One of the most compelling lines put forward by those seeking cuts in Social Security and Medicare is that spending on the elderly is coming at the expense of our children. The people putting forward this argument typically point to the high percentage of children living near or below the poverty line. The argument is that if we could cut money for programs that primarily serve the elderly then we would free up money that could be spent to ensure that the young get a decent start on life.
There are many reasons this logic is faulty, most importantly by implying that there is any direct relationship between the money we spend on seniors and the money we spend on our children. Even if we were to cut funding for Social Security and Medicare there is no mechanism that ensures the money saved would go to helping children. It is entirely possible that the money would simply be diverted to tax cuts targeted to the wealthy or for some other purpose.
As a practical matter, if we look across countries we find that there is actually a positive relationship between spending on the elderly and spending on children. Countries that have been willing to commit a larger share of their output to ensuring that seniors enjoy a decent standard of living also seem willing to commit the necessary resources to ensure that their children have a good start in life.
While there may actually be no tradeoff between spending on seniors and spending on kids, there do appear to be other tradeoffs. For example, if we look at the share of GDP devoted to finance we find solid evidence of an inverse relationship with the willingness to support children.
Figure 1 graphs government spending per kid divided by per capita GDP against the share of GDP originating in the financial sector. There is a significant negative relationship, meaning the larger the share of the financial sector in the economy the less money is spent on kids. (The countries are all the OECD countries for which data is available, excluding former Soviet bloc countries.)
The chart clearly shows that countries with larger financial sectors are less generous to their children. While this hardly proves causation (it could be that if countries spend more money on their kids they won't go into finance), it certainly should raise questions as to whether financial interests are hostile to public spending on kids.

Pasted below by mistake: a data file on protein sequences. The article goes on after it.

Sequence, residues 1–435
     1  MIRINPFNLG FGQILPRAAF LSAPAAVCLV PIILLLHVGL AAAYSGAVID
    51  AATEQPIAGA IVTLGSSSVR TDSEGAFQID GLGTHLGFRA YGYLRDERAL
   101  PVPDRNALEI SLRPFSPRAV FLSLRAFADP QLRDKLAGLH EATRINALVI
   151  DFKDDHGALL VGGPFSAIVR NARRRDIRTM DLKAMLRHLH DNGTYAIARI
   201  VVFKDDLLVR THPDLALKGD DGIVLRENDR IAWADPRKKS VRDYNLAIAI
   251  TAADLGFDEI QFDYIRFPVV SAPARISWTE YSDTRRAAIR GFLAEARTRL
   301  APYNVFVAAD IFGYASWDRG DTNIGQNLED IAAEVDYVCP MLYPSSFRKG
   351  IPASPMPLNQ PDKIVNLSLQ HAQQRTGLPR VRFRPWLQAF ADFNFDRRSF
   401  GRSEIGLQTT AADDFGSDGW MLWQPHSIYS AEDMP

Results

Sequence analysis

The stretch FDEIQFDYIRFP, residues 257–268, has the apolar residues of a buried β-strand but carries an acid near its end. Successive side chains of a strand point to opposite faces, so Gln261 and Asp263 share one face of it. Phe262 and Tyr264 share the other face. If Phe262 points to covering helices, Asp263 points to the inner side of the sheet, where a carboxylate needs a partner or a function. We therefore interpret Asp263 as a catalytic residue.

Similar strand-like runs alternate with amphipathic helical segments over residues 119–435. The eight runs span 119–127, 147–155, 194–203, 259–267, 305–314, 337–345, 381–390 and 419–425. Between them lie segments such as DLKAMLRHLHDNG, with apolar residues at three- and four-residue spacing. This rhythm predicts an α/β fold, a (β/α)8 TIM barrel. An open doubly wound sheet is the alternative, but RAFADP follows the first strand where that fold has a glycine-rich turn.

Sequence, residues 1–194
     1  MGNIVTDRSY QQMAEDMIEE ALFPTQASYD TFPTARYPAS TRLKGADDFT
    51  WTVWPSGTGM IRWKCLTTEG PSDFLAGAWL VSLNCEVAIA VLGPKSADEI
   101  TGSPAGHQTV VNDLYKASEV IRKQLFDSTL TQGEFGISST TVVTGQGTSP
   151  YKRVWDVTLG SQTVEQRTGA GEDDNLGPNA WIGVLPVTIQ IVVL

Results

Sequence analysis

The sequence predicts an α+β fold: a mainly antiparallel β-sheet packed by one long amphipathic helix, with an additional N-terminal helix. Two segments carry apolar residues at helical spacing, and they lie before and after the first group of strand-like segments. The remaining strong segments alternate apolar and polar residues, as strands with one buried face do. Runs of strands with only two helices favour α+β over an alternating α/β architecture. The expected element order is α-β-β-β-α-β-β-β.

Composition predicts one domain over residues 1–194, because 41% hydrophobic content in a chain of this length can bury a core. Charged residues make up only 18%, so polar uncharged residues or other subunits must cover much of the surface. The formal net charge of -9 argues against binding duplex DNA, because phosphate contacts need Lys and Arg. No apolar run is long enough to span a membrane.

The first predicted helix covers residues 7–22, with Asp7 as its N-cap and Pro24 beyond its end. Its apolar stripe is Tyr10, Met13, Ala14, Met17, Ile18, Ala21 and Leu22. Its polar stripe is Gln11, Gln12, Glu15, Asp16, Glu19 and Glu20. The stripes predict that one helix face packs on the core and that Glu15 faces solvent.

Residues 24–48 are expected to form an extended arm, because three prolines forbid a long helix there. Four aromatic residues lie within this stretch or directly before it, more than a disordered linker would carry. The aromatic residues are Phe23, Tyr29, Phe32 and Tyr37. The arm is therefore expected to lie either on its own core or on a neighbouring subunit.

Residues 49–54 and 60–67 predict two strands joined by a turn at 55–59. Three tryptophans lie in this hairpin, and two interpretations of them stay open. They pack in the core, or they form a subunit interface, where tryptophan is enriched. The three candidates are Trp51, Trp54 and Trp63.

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In fact, we also look at the question about the wealthy more broadly. Figure 2 shows government spending per kid divided by per capita GDP against the share of income going to the richest 1 percent. The chart includes all the countries for which data is available. In this case there is also a negative relationship with an even stronger statistical fit. The downward slope to the line is just slightly short of being significant at the 1.0 percent level.
This chart again shows a clear negative relationship, this time between the share of income going to the richest 1 percent and the amount of money that governments are willing to spend on kids. This may suggest that the richest 1 percent are not happy about supporting other people's children through the government. In that case, the more money they are able to control, the less is likely to go to kids.
Of course these simple regressions are far from conclusive, but they do suggest that we might be looking in the wrong direction if we view spending on the elderly as coming at the expense of our children. Rather it may be the case that when wealth and power get concentrated in the financial sector and/or in the hands of the very rich that society will be less willing to spend money to ensure that children have a decent shot in life. If that is true, those looking to cut Social Security and Medicare in order to help our children are barking up the wrong tree.
 The coefficient on the percent of income going to the top 1 percent is –0.018 with a T-statistic of 2.98.
The coefficient of the finance share is –0.55 with a T-statistic of 1.99, which is significant at the 10 percent level.